Manual of the Natural History, Geology, and Physics of Greenland, and the Neighboring Regions: Prepared for the Use of the Arctic Expedition of 1875, Under the Direction of the Arctic Committeee of the Royal Society, for the Use of the Expedition. Published by Authority of the Lords Commissoners of the Admiralty

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Página 524 - ... firma within a few degrees of the North Pole! — a supposition which I consider to be wholly incompatible with the data in our possession, and at variance with the laws of isothermal lines. If, however, we adopt the theory of a former submarine drift,*" followed by a subsequent elevation of the sea-bottom, as easily accounting for all the phenomena, we may explain the curious case brought to our notice by Sir Edward Belcher, by supposing that the tree he uncovered had been floated away with...
Página 520 - Since those early days, the voyages of Franklin, and of the various gallant officers who have been in search of our lamented friend, have amplified those views, and have shown us that over nearly the whole of the Arctic Archipelago these vast islands possess a structure similar to that of North America. We shall soon, I believe, be made acquainted with the characters of the specimens collected by the expedition under Sir Edward Belcher, who is preparing a description of the natural-history products...
Página 296 - Sometimes the transition between the green and blue water is progressive, passing through the intermediate shades in the space of three or four leagues ; at others, it is so sudden, that the line of separation is seen like the rippling .of a current ; and the two qualities...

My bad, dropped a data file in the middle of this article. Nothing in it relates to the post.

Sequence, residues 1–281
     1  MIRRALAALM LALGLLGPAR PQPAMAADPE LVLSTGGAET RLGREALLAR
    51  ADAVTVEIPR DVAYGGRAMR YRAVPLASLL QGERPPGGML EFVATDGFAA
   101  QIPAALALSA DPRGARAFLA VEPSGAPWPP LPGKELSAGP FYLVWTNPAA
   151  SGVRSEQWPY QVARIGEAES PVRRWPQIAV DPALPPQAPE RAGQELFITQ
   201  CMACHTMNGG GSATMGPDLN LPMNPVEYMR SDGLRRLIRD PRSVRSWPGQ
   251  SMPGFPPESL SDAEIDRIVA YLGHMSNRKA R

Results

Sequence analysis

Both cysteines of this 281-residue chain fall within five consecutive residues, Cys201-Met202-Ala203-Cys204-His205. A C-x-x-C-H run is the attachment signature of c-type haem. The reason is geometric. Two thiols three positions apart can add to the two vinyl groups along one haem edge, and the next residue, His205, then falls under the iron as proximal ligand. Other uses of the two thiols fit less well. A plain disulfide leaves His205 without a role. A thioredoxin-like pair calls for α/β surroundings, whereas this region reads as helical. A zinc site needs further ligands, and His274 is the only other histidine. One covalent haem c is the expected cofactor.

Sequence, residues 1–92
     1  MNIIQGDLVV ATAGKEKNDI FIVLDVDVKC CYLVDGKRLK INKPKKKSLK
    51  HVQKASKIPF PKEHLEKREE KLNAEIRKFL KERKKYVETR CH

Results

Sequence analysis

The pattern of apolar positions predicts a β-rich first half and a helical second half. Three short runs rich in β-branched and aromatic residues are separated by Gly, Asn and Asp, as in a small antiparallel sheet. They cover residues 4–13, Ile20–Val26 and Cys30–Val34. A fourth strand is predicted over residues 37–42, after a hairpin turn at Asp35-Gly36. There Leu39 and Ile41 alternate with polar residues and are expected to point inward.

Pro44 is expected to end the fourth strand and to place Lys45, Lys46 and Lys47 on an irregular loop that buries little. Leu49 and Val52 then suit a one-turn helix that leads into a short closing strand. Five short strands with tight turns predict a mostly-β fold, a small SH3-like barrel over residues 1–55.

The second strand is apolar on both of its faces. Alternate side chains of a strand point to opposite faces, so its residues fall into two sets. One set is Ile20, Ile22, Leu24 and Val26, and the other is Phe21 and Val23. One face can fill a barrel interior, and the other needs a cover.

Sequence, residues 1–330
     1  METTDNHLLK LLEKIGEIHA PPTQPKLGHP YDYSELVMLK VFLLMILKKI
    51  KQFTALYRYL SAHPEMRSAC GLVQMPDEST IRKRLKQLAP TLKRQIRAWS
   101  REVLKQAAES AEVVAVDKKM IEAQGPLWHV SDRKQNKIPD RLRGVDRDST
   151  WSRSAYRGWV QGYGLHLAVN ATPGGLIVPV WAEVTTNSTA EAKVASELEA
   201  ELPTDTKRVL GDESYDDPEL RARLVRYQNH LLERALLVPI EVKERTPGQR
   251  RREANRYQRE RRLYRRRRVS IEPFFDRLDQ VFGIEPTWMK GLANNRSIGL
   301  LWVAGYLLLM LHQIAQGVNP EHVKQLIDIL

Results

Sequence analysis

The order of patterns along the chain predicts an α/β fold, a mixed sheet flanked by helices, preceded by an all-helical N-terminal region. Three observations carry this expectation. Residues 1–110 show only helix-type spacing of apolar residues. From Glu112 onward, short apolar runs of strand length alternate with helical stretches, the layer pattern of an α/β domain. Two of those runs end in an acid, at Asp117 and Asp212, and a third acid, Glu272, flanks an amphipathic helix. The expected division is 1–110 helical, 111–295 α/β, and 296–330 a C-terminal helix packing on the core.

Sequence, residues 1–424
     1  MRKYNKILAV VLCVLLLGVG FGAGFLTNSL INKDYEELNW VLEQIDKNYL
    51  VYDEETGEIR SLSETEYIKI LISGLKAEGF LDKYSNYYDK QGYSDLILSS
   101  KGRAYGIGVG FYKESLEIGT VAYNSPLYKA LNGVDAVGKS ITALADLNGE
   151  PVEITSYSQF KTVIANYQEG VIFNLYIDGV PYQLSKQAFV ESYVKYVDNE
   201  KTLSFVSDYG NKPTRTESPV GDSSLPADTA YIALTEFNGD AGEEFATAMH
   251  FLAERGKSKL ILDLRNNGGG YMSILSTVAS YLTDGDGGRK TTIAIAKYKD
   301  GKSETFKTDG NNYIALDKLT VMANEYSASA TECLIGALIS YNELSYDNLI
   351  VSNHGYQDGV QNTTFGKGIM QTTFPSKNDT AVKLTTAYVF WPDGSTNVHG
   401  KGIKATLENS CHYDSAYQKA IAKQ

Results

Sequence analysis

Página 54 - Supposing the sealing prosecuted with the same vigour as at present, I have little hesitation in stating my opinion that, before thirty years shall have passed away, the ' seal fishery ' as a source of commercial revenue will have come to a close...
Página 451 - Geological notes on the Noursoak peninsula, Disco island, and the country in the vicinity of Disco bay, North Greenland, 55.
Página 521 - M., is to call attention to the remarkable fact of the occurrence of considerable quantities of wood, capable of being used for fuel or other purposes, which exist in the interior and on the high grounds of large islands in latitudes where the dwarf willow is now the only living shrub. Before I allude to this phenomenon, as brought to my notice by Capt. M'Clure and Lieut. Pim, I would, however, briefly advert to a few rock specimens collected by the latter officer in Beechey Island, Bathurst Land,...
Página 522 - Land, in latitude 74° 48', and thence extending along a range of hills varying from 350 to 500 feet above the sea, and from half a mile to upwards inland, he found great quantities of wood, some of which was rotten and decomposed, but much of it sufficiently fresh to be cut up and used as fuel. Whenever this wood was in a well-preserved state, it was either detected in gullies or ravines, or had probably been recently exhumed from the frozen soil or ice. In such cases, and particularly on the northern...
Página 299 - I also made an observation which is confirmatory of what I have advanced regarding the probability of these minute organisms giving off en masse a certain degree of heat, though in the individuals inappreciable to the most delicate of our instruments. On the evening of the 4th of June, this present year (1867), in latitude 67° 26...
Página 383 - In the afternoon we saw at some distance from us a well-defined pillar of mist, which, when we approached it, appeared to rise from a bottomless abyss, into which a mighty glacier-river fell. The vast roaring water-mass had bored for itself a vertical hole, probably down to the rock, certainly more than 2,000 feet beneath, on which the glacier rested.
Página 356 - This tree is cultivated in most of the botanical gardens of Europe, and its extreme northern limit may be placed at lat. 53° N. For its existence it requires a summer temperature of 60° F.

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